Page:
Tarwater's second album for Mute sounds very similar to the first, which in turn sounded much like the duo's early work done for Berlin's Kitty-Yo. Of course, there's nothing saying an electronic group has to keep advancing the course of music, but Tarwater has a frustrating habit of stopping just short of producing fleshed-out songs, which results in skeletal, overly repetitive work ("Metal Flakes," "Diver," "1985") that sounds more like demos than completed material. The opener, "70 Rupies to Paradise Road," is a brilliant exception though, with vocalist Tone Avenstroup contributing a monotoned, sung-spoken vocal over a dark, synthetic production. Besides wrestling a few pop songs into a free-form framework with taut guitar lines and primitivist electronics, Tarwater do accomplish plenty of intriguing combinations on this album, like the synthetic jew's harp, tribal percussion, and soft, flute-like synthesizers on "Phin," or the fractured electronics and paranoid soundscapes of "Tesla." Stranded halfway between electronica and pop though, the songs on Dwellers on the Threshold never rise beyond the level of odd, slightly endearing lo-fi experiments.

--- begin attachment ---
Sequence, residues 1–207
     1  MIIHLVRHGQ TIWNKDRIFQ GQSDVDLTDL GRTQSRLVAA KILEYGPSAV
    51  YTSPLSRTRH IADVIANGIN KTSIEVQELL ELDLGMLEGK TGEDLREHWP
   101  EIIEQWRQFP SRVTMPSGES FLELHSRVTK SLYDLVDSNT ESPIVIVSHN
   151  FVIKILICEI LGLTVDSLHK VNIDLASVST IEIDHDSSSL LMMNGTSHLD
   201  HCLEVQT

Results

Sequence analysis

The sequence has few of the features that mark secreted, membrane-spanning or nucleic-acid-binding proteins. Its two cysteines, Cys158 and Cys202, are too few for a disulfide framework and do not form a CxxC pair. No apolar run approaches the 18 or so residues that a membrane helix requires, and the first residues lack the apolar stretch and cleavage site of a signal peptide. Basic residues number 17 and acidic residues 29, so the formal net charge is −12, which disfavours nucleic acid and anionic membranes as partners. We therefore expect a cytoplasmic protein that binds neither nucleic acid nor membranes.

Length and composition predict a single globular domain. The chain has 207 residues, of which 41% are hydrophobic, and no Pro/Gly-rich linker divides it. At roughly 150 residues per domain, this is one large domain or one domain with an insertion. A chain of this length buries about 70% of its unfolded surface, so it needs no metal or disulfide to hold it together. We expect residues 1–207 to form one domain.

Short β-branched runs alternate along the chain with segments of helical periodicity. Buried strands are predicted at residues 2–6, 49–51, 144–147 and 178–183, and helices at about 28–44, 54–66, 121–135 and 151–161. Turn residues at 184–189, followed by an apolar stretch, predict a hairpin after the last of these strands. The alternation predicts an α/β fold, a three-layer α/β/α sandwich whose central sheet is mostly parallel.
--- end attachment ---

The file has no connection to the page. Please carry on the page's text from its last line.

Share this page
AllMusic Review by John Bush